The oceans make up the biodiversity of 71% of the planet's surface,97% of the Earth’s water, and 99% of the living space
As the world’s production and consumption increase, so does chemical and debris pollution, plastics in particular, interrupting foraging and breeding, destroying habitats and the ecosystem services to society - the processes by which the environment produces and regulates resources utilised by humans such as our clean air, water, food, materials and weather. While over 37% of world population (2010) directly depend on marine and coastal biodiversity for livelihoods (UNStats), we all depend on healthy oceans, no matter how far.
For this reason, marine conservation is Sustainable Development Goal #14 of the 17 Global Goals of the 2030 Agenda for Sustainable Development, and specifically mentions tourism:
SDG #14 "Conserve and sustainably use the oceans, seas and marine resources for sustainable development"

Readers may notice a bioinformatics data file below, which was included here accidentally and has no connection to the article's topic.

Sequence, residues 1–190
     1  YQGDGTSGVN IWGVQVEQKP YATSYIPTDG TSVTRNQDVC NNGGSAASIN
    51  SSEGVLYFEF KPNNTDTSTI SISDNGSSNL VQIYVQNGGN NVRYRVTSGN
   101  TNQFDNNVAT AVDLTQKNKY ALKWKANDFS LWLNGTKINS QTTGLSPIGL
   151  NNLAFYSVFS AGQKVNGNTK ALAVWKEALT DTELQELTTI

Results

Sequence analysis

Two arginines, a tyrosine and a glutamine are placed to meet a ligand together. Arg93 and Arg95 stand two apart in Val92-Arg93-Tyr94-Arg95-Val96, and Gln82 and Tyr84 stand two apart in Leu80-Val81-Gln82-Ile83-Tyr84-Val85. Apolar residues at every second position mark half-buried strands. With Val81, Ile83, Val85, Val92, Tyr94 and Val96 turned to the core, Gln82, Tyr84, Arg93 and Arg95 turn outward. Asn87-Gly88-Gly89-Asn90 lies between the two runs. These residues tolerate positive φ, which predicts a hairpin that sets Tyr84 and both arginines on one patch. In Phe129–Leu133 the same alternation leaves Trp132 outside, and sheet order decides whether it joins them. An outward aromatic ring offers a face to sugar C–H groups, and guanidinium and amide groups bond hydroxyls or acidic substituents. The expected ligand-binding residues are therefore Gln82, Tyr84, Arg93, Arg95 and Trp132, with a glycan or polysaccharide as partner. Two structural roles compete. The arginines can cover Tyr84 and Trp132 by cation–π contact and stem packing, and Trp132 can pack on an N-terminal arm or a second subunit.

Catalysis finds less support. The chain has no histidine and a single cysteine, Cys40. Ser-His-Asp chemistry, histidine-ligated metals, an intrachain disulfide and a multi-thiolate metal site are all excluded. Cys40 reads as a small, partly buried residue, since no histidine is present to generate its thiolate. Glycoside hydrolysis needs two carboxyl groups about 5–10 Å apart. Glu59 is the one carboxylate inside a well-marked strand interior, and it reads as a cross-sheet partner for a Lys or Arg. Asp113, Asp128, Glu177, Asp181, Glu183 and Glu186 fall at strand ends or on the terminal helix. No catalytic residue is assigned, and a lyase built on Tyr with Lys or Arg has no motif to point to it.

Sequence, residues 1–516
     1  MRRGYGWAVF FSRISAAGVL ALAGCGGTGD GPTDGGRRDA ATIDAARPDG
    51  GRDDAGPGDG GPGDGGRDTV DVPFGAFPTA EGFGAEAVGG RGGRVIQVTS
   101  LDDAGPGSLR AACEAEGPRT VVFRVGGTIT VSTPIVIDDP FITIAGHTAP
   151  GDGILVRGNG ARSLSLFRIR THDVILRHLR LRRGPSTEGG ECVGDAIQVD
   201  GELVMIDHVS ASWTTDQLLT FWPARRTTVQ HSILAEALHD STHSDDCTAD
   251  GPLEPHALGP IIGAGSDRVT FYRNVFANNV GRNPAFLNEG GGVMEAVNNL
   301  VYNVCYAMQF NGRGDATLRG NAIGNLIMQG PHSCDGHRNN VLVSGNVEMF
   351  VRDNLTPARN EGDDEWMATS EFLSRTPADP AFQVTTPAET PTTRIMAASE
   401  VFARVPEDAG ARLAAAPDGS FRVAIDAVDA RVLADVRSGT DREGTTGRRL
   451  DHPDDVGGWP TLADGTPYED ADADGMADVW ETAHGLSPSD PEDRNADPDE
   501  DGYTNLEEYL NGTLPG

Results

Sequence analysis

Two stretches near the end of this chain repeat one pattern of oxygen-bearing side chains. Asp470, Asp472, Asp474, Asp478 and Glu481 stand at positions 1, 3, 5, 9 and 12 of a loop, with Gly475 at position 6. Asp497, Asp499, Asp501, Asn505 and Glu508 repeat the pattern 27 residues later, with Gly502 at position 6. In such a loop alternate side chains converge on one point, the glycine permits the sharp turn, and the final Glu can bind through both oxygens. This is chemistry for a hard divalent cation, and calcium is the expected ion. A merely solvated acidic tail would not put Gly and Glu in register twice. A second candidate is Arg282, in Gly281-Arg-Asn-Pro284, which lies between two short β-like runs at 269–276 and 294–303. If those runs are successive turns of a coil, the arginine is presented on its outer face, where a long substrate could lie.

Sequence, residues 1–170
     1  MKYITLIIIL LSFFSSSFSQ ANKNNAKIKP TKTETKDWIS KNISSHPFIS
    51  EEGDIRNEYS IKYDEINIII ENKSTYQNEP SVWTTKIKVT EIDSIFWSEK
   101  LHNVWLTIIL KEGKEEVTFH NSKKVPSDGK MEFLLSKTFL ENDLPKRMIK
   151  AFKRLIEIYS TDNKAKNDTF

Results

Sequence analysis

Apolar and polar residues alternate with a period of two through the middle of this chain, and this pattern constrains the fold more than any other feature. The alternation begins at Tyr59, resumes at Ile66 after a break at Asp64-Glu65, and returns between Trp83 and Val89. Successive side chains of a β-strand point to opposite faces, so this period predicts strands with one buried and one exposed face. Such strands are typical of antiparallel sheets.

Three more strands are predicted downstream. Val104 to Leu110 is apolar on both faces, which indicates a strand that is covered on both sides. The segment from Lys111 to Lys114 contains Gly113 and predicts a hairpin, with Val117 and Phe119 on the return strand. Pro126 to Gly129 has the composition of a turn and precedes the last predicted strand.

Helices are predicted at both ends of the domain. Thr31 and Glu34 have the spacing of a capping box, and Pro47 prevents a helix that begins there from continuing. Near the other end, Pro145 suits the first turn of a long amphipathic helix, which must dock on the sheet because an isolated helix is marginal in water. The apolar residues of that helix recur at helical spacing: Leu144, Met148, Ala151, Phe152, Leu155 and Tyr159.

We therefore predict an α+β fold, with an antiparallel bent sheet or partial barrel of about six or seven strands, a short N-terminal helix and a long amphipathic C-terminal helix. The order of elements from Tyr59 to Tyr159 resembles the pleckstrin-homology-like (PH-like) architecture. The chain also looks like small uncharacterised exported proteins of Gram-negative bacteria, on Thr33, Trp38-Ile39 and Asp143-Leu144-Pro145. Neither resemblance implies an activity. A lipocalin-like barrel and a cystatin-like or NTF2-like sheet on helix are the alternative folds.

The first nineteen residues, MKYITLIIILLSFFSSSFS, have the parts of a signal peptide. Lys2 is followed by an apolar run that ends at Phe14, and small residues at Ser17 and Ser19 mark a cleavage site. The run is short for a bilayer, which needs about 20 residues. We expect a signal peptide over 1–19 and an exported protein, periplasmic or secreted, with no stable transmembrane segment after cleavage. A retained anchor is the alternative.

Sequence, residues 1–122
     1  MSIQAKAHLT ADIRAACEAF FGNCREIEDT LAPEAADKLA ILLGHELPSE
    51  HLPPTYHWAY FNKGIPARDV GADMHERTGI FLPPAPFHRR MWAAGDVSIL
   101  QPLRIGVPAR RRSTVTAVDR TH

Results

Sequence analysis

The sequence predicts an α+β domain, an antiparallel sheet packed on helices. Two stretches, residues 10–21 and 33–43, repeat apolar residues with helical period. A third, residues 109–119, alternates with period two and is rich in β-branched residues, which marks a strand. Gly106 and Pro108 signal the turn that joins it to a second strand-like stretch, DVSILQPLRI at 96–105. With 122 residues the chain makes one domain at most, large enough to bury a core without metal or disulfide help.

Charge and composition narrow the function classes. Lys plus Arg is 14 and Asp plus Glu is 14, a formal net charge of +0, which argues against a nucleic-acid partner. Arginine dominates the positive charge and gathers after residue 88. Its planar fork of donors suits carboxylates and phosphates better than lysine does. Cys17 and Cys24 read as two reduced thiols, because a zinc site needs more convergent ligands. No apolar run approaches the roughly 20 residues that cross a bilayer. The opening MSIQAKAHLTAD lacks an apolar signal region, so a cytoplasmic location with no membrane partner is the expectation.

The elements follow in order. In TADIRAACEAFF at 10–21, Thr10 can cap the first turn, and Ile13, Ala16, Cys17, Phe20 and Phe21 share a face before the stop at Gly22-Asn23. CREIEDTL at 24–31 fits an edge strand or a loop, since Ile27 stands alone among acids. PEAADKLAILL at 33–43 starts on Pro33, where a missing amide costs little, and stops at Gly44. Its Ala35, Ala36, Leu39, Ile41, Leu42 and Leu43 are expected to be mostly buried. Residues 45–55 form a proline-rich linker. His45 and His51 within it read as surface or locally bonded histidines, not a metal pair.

"By 2030 increase the economic benefits of Small Island Developing States and Least Developed Countries from the sustainable use of marine resources, including through management of fisheries, aquaculture and tourism".
Tourism is interlinked with oceans. Whether fishing as an activity or for the fish we consume, boating, snorkelling, diving, travelling over the seas, staying on the coast or on a cruise line, the environment is of paramount importance. As such, tourism development must be part of integrated Coastal Zone Management plans in order to help conserve and preserve fragile ecosystems.
Delicate marine habitats such as coral reefs and seagrass meadows that provide vital food, shelter and breeding grounds are very vulnerable to irresponsible, destructive and unsustainable practices. Local issues may vary but underlying threats are common worldwide: